Chris Sampson’s journal round-up for 4th December 2017

Every Monday our authors provide a round-up of some of the most recently published peer reviewed articles from the field. We don’t cover everything, or even what’s most important – just a few papers that have interested the author. Visit our Resources page for links to more journals or follow the HealthEconBot. If you’d like to write one of our weekly journal round-ups, get in touch.

Funding breakthrough therapies: a systematic review and recommendation. Health Policy Published 2nd December 2017

One of the (numerous) financial pressures on health care funders in the West is the introduction of innovative (and generally very expensive) new therapies. Some of these can be considered curative, which isn’t necessarily the best way for manufacturers to create a steady income. New funding arrangements have been proposed to facilitate patient access while maintaining financial sustainability. This article focuses on a specific group of innovative therapies known as ‘Advanced Therapy Medicinal Products’ (ATMPs), which includes gene therapies. The authors conducted a systematic review of papers proposing funding models and considered their appropriateness for ATMPs. There were 48 papers included in the review that proposed payment mechanisms for high-cost therapies. Three top-level groups were identified: i) financial agreements, ii) performance-based agreements, and iii) healthcoin (a tradable currency representing the value of outcomes). The different mechanisms are compared in terms of their feasibility, acceptability, burden, ‘financial attractiveness’ and their appeal to payers and manufacturers. Annuity payments are identified as relatively attractive compared to other options, but each mechanism is summarily shown to be imperfect in the ATMP context. So, instead, the authors propose an ATMP-specific fund. For UK readers, this will likely smell a bit too much like the disastrous Cancer Drugs Fund. It isn’t clear why such a programme would be superior to annuity payments or more inventive mechanisms, or even whether it would be theoretically sound. Thus, the proposal is not convincing.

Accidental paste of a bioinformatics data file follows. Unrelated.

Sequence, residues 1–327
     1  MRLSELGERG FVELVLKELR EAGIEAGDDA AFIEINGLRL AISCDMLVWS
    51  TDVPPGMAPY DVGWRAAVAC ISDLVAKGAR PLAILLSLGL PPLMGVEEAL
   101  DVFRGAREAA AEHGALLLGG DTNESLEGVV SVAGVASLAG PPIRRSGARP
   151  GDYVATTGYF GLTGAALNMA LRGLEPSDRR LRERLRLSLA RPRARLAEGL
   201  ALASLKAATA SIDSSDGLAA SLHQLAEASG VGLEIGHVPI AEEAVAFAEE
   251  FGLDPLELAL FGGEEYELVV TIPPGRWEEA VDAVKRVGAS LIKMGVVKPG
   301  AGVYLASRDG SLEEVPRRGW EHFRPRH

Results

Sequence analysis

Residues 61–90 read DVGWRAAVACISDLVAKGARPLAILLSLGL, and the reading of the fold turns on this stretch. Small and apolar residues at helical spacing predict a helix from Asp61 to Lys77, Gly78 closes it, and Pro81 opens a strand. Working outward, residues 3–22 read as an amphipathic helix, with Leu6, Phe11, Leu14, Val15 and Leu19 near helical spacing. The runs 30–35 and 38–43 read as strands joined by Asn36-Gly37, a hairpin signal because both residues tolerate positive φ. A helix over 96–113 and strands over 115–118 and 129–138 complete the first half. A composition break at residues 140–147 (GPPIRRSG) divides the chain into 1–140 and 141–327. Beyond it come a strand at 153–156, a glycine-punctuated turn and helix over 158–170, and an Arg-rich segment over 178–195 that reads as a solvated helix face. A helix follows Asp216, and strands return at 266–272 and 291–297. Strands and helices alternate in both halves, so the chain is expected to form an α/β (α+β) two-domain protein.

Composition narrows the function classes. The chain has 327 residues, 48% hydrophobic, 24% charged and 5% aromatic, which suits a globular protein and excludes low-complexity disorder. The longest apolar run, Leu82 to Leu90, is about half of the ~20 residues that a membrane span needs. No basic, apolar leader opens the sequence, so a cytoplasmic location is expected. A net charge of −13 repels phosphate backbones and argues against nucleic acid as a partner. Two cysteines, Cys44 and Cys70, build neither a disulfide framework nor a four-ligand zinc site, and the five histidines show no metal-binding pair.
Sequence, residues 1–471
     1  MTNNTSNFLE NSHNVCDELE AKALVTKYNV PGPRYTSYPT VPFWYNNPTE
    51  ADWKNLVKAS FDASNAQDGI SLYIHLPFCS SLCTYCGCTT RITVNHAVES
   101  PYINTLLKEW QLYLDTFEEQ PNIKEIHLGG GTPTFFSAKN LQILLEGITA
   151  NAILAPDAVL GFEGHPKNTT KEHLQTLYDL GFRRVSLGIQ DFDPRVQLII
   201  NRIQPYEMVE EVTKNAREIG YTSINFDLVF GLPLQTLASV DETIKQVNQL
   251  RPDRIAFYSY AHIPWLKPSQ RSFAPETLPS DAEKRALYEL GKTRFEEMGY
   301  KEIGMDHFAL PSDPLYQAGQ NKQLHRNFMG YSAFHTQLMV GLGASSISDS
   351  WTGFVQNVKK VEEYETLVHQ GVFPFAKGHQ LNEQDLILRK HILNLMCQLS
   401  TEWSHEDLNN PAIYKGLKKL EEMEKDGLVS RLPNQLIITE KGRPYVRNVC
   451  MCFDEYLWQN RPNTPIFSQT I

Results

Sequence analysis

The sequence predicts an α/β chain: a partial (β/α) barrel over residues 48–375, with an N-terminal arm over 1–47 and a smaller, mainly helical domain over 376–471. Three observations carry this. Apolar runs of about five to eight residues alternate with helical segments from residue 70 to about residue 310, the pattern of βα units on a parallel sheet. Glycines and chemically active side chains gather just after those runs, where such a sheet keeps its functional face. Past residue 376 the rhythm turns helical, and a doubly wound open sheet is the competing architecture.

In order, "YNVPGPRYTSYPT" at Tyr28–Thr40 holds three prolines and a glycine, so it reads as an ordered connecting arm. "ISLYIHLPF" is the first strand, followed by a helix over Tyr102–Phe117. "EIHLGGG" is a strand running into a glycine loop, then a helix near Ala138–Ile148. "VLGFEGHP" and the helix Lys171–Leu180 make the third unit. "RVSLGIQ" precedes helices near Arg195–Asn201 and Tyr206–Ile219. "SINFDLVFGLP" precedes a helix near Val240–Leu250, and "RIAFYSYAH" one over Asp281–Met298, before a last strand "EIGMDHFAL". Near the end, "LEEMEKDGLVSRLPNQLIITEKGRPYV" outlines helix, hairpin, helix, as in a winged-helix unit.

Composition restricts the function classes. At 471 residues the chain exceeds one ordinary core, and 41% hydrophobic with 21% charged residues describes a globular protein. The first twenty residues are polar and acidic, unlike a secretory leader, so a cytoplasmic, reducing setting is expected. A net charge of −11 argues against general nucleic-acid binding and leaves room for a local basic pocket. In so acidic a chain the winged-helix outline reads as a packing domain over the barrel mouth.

Supply-side effects from public insurance expansions: evidence from physician labor markets. Health Economics [PubMed] Published 1st December 2017

Crazy though American health care may be, its inconsistency in coverage can make for good research fodder. The Child Health Insurance Program (CHIP) was set up in 1997 and then, when the initial money ran out 10 years later, the program was (eventually) expanded. In this study, the authors use the changes in CHIP to examine the impact of expanded public coverage on provider behaviour, namely; subspecialty training (which could become more attractive with a well-insured customer base), practice setting and prevailing wage offers. The data for the study relate to the physician labour market for New York state for 2002-2013, as collected in the Graduate Medical Education survey. A simple difference-in-differences analysis is conducted with reference to the 2009 CHIP expansion, controlling for physician demographics. Paediatricians are the treatment group and the control group is adult physician generalists (mostly internal medicine). 2009 seems to be associated with a step-change in the proportion of paediatricians choosing to subspecialise – an increased probability of about 8 percentage points. There is also an upward shift in the proportion of paediatricians entering private practice, with some (weak) evidence that there is an increased preference for rural areas. These changes don’t seem to be driven by relative wage increases, with no major change in trends. So it seems that the expanded coverage did have important supply-side effects. But the waters are muddy here. In particular, we have the Great Recession and Obamacare as possible alternative explanations. Though it’s difficult to come up with good reasons for why these might better explain the observed changes.

Reflections on the NICE decision to reject patient production losses. International Journal of Technology Assessment in Health Care [PubMedPublished 20th November 2017